GSA Annual Meeting in Indianapolis, Indiana, USA - 2018

Paper No. 181-1
Presentation Time: 9:00 AM-6:30 PM


CHONG, Jeng Hann and HUANG, Mong-Han, Department of Geology, University of Maryland - College Park, College Park, MD 20742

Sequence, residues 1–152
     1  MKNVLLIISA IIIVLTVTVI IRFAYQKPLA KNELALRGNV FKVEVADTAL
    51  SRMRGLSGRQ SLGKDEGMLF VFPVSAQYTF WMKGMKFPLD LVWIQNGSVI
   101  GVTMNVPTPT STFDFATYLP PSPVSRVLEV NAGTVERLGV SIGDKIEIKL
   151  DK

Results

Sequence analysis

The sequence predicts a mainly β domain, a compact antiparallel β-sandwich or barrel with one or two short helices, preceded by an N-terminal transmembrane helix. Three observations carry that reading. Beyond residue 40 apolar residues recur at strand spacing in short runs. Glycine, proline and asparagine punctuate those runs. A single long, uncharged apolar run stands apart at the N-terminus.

Situated in between the Australian and Pacific Plate, the New Guinea Island experiences ~70mm/yr of convergence. On 25th February 2018, an Mw 7.5 earthquake struck the Southern Highlands of the Papuan Fold-and-Thrust Belt. More than 200 aftershocks with Mw 4 and greater were recorded in 4 months after the main shock. However, efforts to constrain the earthquake fault geometry and slip location has proven difficult due to the lack of a dense seismic and GPS network in this densely vegetated region. Here, we present the use of sub-pixel offset method on synthetic aperture radar (SAR) images as an alternative to providing near-field measurements of coseismic displacement. Although this method is limited by the pixel resolution of the images, SAR technique can image ground surface in all weather conditions and in day/night times. We used an ascending and descending path from the Sentinel-1 (S1) satellite to obtain a 3D coseismic deformation of the earthquake and to identify trigger landslides in the vicinity. With the S1 image resolution, we can measure surface displacement >0.5 m. Our coseismic measurements indicate ~40 km long surface rupture along the fold-and-thrust belt, and there are at least two fault segments involved with the earthquake. The peak displacement is ~3 meters for the fault at the eastern side. We also find several landslides on the hanging wall, which agrees with field investigation. We apply a finite fault inversion using the sub-pixel offset-based coseismic displacement to constrain the fault slip distribution. Our inversion result suggests a peak slip close to 3 meters. Our work shows the significance of using satellite geodesy methods for constraining an earthquake in areas lack of seismic and land-based GPS data.